DIRECT AND COLLISIONAL EXCITATION OF AUTOMOTOVE FUEL COMPONENTS)
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Publisher:Ohio State University
Adding energy directly into the vibrational modes of automotive fuel may reduce the threshold energy required for combustion, without raising the combustion charge temperature. This energy can be supplied either directly via incident laser radiation or indirectly through collision with directly excited molecules. The most common chemical in commercial gasoline, isooctane, does not absorb infrared radiation sufficiently at any wavelength for which an infrared laser is readily available. However, CO2 lasers are relatively cheap, and are available at wavelengths which are absorbed by isopropanol as well as ethanol, which is also a component of commercial gasoline. In this study, the infrared absorption of isopropanol and ethanol in balance isooctane were measured at three wavelengths (10.6 ?ÿ ?m, 10.2 ?ÿ ?m, and 9.3 ?m ) of incident CO2 laser radiation. Additional time-resolved emission measurements were performed for these mixtures. The data support the existence of the proposed collisional pathway for energy transfer from ethanol and isopropanol to isooctane.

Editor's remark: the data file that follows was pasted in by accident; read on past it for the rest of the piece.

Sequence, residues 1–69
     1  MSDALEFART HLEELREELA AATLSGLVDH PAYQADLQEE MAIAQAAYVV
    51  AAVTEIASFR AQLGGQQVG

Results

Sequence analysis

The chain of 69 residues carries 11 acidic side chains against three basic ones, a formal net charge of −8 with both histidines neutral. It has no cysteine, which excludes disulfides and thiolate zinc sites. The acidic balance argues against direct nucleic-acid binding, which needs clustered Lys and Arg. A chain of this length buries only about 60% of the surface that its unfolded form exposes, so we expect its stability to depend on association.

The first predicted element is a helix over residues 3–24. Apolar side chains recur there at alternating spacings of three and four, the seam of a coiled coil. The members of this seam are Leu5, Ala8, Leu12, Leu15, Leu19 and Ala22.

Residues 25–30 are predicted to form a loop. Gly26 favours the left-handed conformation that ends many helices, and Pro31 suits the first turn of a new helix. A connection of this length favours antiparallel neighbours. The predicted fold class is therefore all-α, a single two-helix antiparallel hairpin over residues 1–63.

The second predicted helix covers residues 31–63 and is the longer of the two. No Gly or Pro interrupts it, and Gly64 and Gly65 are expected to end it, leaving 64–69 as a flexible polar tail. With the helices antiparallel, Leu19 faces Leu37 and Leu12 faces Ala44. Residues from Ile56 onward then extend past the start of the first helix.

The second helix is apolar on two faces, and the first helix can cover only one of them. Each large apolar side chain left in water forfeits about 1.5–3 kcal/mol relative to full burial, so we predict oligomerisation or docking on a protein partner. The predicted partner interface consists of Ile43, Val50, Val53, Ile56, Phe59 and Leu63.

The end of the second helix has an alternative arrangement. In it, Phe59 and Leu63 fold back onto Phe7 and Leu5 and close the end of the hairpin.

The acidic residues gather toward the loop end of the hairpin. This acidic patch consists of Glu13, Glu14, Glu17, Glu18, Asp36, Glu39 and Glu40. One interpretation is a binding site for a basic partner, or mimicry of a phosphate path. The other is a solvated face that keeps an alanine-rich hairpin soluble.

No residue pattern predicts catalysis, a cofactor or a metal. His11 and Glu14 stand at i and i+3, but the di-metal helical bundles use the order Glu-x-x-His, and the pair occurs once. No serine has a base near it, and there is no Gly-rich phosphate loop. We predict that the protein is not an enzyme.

Author Institution: Department of Mechanical Engineering, Rose-Hulman Institute of Technology, 5500 Wabash Ave., Terre Haute, IN 47803; Department of Chemistry, Rose-Hulman Institute of Technology, 5500 Wabash Ave., Terre Haute, IN 47803
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